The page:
Cat/Cow Pose (Marjaryasana/Bitilasana) is a wonderful way to warm up the spine at any point on or off your mat.
Since it’s a breath synchronized movement, the asana flow from Cow Tilt to Cat Stretch has many powerful health benefits for the mind, body, and soul. It’s one of those poses that helps you find freedom in the body almost instantly. Feeling free in the body can feel medicinal! Why not carve some time out for yourself by taking part in the free 30 Day Yoga Challenge. You’ll be guided through Cat/Cow and an abundance of other poses too!
In a tabletop position, with shoulders over the wrists and hips over the knees, start to place weight evenly through the hands and legs. Fingers send energy forward, eyes of the elbows facing toward each other, and feet resting on the floor shoelace side down with weight distributed through the shins.
Gently lift the wrists and knees off the mat, feeling like you could slide a piece of paper underneath them, this helps engage the core, place weight through the shins, and alleviate negative effects on the wrists. Lightly rest the wrists and knees back on the mat.
Starting with a neutral spine for Cow Tilt, start to inhale expanding the belly toward the floor, lift the gaze (drishti) toward the third eye, send energy forward through the sternum and the tailbone as they tilt toward the sky.
For Cat Stretch, start to exhale the belly button toward the spine and continue that lift toward the heart, scoop the tailbone, allow the chin to rest on the chest, and drishti toward the nose. Complete as many rounds as you would like, potentially adding intentional movement and activation of the spine by noticing if your head, chest, belly, and/or tailbone tend to initiate your flow.
Yogi tip: try initiating movement from the tailbone like an energy current flowing through the spine, neck, and head to create a fluid and undulating movement that helps awaken the chakras.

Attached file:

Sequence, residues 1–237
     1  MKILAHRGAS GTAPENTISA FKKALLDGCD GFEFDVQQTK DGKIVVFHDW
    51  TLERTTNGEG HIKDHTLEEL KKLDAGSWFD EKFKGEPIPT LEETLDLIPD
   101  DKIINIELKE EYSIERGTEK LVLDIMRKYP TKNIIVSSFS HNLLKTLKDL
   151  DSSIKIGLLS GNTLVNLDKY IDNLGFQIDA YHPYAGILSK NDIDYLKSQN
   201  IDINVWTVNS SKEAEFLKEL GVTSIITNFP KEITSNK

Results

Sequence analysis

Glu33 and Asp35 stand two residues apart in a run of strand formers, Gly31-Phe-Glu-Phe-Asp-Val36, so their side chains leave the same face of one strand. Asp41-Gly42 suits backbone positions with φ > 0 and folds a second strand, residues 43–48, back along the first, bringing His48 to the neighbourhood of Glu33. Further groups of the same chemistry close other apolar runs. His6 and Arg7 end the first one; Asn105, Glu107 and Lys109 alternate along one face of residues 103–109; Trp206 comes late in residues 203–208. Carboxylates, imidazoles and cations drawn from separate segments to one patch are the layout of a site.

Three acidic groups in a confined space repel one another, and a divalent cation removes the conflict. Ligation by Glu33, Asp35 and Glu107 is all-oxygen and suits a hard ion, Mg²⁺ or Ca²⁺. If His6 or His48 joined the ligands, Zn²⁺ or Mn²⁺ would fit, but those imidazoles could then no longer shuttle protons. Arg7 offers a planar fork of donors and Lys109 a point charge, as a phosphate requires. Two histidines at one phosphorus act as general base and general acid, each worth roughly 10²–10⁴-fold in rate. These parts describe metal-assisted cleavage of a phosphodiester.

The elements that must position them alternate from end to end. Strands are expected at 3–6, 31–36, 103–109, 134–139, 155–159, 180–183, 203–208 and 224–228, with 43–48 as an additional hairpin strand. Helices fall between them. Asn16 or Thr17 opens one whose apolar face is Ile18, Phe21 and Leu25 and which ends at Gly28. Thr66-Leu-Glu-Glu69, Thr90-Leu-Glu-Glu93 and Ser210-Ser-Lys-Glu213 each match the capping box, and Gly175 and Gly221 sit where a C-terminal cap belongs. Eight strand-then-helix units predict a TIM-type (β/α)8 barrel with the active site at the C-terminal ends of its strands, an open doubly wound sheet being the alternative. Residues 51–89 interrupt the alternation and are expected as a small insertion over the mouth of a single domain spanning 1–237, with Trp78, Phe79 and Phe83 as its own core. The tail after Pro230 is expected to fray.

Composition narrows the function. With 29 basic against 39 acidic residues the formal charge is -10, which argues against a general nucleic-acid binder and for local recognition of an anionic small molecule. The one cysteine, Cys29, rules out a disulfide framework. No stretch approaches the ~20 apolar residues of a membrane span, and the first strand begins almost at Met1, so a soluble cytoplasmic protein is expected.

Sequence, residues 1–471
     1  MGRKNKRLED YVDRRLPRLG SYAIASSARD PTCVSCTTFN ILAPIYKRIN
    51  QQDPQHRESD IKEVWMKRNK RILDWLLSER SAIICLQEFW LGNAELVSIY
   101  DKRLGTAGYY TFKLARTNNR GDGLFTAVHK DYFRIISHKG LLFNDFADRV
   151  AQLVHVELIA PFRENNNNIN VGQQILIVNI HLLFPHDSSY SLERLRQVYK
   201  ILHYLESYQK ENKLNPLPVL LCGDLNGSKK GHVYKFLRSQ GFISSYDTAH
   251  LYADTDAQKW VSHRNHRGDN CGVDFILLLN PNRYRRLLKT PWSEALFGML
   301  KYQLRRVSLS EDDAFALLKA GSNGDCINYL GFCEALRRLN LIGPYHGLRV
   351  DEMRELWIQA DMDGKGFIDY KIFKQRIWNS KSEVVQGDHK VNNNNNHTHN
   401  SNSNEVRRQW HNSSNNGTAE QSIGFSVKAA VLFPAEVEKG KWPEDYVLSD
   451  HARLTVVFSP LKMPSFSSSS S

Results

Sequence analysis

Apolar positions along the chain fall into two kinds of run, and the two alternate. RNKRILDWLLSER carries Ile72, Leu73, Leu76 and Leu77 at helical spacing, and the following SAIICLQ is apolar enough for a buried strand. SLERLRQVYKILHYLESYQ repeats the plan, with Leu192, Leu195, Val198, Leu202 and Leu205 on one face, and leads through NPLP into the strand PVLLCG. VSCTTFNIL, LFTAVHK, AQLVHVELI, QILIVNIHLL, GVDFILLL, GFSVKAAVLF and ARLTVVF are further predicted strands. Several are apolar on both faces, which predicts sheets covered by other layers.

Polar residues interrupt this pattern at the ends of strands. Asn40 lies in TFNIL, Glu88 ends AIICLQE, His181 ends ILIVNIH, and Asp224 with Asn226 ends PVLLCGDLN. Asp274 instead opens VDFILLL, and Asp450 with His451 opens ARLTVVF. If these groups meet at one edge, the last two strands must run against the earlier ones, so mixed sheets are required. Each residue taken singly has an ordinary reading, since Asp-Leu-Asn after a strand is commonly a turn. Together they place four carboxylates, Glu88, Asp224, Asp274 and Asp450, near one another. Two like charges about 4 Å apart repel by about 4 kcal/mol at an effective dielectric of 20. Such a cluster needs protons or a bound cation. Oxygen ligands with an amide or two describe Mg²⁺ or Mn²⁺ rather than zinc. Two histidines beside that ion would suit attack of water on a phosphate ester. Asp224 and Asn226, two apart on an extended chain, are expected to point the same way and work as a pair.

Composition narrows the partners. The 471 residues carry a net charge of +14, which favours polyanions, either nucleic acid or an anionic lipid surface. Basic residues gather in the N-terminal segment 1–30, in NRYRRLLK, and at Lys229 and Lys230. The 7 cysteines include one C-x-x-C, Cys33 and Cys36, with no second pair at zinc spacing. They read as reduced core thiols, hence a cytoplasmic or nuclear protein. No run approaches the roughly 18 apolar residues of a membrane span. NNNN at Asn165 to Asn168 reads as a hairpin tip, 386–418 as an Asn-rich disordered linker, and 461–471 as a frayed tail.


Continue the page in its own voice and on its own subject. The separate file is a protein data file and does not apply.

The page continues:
Depending on your intentions for the practice, it might feel nice to play around with breath retention in the full inhalation of Cow Tilt and full exhalation of Cat Stretch, holding for about 3-5 seconds before continuing to flow through the movement. Focus on the breath being even through the flow, aiming for 5-10 seconds for inhalation and exhalation.
If you experience anxiety, it is best to avoid breath retention due to the potential spike in the sympathetic nervous system (fight/flight response center) and focus on the exhale to promote the parasympathetic nervous system (rest/digest response center).
It is best to avoid bending the arms at the elbows so the movement is localized to the spine. While this movement can be practiced while pregnant and is linked to gently massaging the female reproductive system, it is best to avoid forceful contraction of the abdomen.
Additionally, if you have a neck injury or are being extra mindful of your neck, it is best to keep the head in alignment with the torso.
While Cow Tilt and Cat Stretch may look “easy,” it is a powerful pose for the mind. The breath synchronized movement increases coordination, fosters intentional focus, and invigorates prana (the vital life force in the body). Furthermore, it is associated with increased emotional balance and stability of the mind.
Lastly, lengthening the spine improves circulation to the discs between the vertebrae, which in turn relieves stress from the back and calms the mind.
There are many physical benefits of Cat/Cow Pose, including toning the gastrointestinal tract and female reproductive system. The asana flow helps relieve stress from menstrual cramps, lower back pain, and sciatica. Cat/Cow Pose increases flexibility of the neck, shoulders, and spine. The movement also stretches the muscles of the hips, back, abdomen, chest, and lungs.
Cat Stretch held at its peak releases tension of the upper back and neck. Activation of the tailbone emphasizes the root movement of the spine, which increases flexibility for forward and backbends.
Additionally, the spine consists of both primary (thoracic and sacral) and secondary (cervical and lumbar) curves. Inhaling in spinal flexion (Cow Tilt) increases the primary spinal curves and decreases the secondary spinal curves. Exhaling in spinal extension (Cat Stretch) increases the secondary curves and decreases the primary curves.
Cat/Cow Pose strengthens and improves flexibility of the spine through utilization of the reciprocal relationship between the primary and secondary curves.
Cat/Cow Pose activates the Swadhisthana Chakra, the second chakra. When not fostered, a blocked second chakra is associated with deep emotional turmoil and depression. When nurtured, the movement enhances creativity and the ability to focus and learn.
The flow is attributed to connection with the inner source of inspiration and the ability to experience joy.
What are some of the benefits you’ve found from practicing Cat/Cow Pose? Share with us in the comments below!